For something to be useful as an energy source, there must be a reaction using readily available reagents that provides more energy out than it takes in.
Unfortunately, CO2 is essentially "ash," as in the waste product of an energy source.
Although plants do take in CO2, they use it as a raw material to create an energy carrier, which is different from an energy source. In the case of plants, their energy source is the Sun, which they use to split water and attach the resulting hydrogen to the CO2 to create carbohydrates (sugars). These sugars serve as the "battery" which partially stores the energy they've received from the Sun. Later, the plants will take in oxygen to burn these sugars, and release CO2 themselves in the process. However in the case of plants they are generally able to take in more CO2 than they produce, which is why CO2 is such a good fertilizer for plants, and growing plants is a good means of carbon sequestration.
Animals come along and eat the plants to steal their "batteries," (sugars) and thus they can get more energy out of the plant to power themselves than it takes them to eat the plant, and give off CO2 as a waste product (which the plants then pull in again to make more sugars). Some of those plants also die and get buried, where their sugars undergo reactions that eventually turn them into other energy carrying molecules that apes will fight over to maintain the lifeblood of their comfortable lifestyles.
CO2 is an extremely stable molecule due to its pair of double bonds, and it doesn't really like to react with a lot of things under normal conditions. So, unless your world has something that can allow you to react the CO2 and get more energy than it took to create, you won't be able to use CO2 as an energy source. Remember that ultimately, even though we use fossil fuels, our civilization is powered by the Sun. It's just that that energy has already been captured for us; we're stealing batteries that were already charged millions of years ago, and the result of releasing that energy is a waste product that is already in its lowest energy state. Above all things, the laws of thermodynamics cannot be violated. It will take more energy in to do something with the CO2 than you will ever get out of it.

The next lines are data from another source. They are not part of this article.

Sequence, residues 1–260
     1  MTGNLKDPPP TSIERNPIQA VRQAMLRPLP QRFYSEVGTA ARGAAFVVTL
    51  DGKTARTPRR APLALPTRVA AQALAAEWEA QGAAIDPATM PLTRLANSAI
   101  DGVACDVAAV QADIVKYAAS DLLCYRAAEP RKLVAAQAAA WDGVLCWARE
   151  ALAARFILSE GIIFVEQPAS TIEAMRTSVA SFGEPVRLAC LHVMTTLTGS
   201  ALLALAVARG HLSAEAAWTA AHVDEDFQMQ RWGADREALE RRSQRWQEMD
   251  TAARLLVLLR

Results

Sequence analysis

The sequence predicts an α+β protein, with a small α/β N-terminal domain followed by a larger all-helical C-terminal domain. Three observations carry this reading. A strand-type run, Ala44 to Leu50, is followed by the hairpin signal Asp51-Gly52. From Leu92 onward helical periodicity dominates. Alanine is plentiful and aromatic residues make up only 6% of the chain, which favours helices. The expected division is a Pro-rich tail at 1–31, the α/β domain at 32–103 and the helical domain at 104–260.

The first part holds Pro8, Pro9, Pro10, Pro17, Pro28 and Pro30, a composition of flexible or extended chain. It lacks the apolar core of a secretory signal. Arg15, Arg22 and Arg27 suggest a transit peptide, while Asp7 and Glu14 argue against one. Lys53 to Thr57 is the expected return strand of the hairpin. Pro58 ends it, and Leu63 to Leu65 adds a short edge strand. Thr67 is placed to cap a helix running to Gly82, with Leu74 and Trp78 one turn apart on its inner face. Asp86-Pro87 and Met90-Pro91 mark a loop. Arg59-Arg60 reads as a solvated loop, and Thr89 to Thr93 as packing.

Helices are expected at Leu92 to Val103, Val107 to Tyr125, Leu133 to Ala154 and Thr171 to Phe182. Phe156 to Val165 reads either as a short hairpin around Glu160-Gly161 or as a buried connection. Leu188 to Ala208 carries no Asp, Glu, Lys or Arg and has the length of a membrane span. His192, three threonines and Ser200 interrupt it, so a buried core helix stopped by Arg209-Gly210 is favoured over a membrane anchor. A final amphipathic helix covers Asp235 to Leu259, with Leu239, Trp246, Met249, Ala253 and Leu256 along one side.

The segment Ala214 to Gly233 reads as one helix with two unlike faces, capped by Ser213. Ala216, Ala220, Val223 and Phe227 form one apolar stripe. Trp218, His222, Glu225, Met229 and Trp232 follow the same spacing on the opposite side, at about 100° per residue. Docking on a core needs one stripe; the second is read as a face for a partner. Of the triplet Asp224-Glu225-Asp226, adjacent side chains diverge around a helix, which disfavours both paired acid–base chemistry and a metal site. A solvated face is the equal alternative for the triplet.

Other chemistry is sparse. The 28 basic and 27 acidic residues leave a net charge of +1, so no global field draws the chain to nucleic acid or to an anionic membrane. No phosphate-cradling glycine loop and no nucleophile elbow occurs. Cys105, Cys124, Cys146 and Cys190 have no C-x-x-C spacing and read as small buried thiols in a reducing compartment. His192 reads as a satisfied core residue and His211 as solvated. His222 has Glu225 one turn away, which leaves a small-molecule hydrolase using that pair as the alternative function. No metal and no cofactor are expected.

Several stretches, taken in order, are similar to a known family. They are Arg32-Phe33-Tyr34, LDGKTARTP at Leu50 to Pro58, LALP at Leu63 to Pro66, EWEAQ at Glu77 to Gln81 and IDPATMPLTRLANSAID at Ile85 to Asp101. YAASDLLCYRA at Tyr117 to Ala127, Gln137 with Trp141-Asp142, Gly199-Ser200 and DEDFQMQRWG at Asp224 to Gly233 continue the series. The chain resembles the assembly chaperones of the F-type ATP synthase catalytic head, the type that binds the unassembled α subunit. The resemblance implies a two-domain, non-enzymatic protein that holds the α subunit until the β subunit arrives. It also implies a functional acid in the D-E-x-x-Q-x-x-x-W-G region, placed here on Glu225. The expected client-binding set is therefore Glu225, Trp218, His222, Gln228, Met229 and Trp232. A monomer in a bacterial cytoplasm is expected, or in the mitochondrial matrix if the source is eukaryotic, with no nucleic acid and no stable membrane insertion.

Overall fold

This is the same problem with the "hydrogen economy," as hydrogen is an energy carrier, not an energy source, and you still need something to generate the hydrogen in the first place (and do so in a way that is economically feasible). The only way to do this efficiently without fossil fuels is likely to be nuclear, but I digress.
A better approach to mitigate the carbon would be to engineer an organism that can use it. In fact, on Earth, most forms of the chlorophyll molecule are more efficient at higher CO2 concentrations. Also, the vast majority of oxygen-producing photosynthesis on the planet comes from phytoplankton in the ocean, and phytoplankton is one organism whose chlorophyll molecules perform better at higher CO2 concentrations.
Unfortunately though, phytoplankton growth is limited by the availability of iron, so some plans for dealing with CO2 on our own planet involve fertilizing the ocean using large amounts of iron to cause massive phytoplankton blooms. These blooms would then pull in the CO2 from the air and presumably die, falling to the bottom where their bodies would entomb the CO2 from the air. It's essentially what happens naturally, but this would be supercharging it.
So for your civilization to mitigate the CO2 in their atmosphere, rather than attempt to use the CO2 as an energy source, which would be by definition impossible, it might make more sense for them to engineer phytoplankton that can efficiently pull CO2 out of the atmosphere, preferably in a way that doesn't require some kind of fertilizer (such as iron). There is a danger here though, as if the phytoplankton grows unchecked, it could pull too much CO2 from the atmosphere in a relatively short amount of time (on the order of decades or less), and cause a crash of the ecosystem. Not only would pulling too much CO2 out of the air potentially cause cooling, but it could starve plants on a wide-scale and disrupt the carbon cycle, and worse, collapse the food web.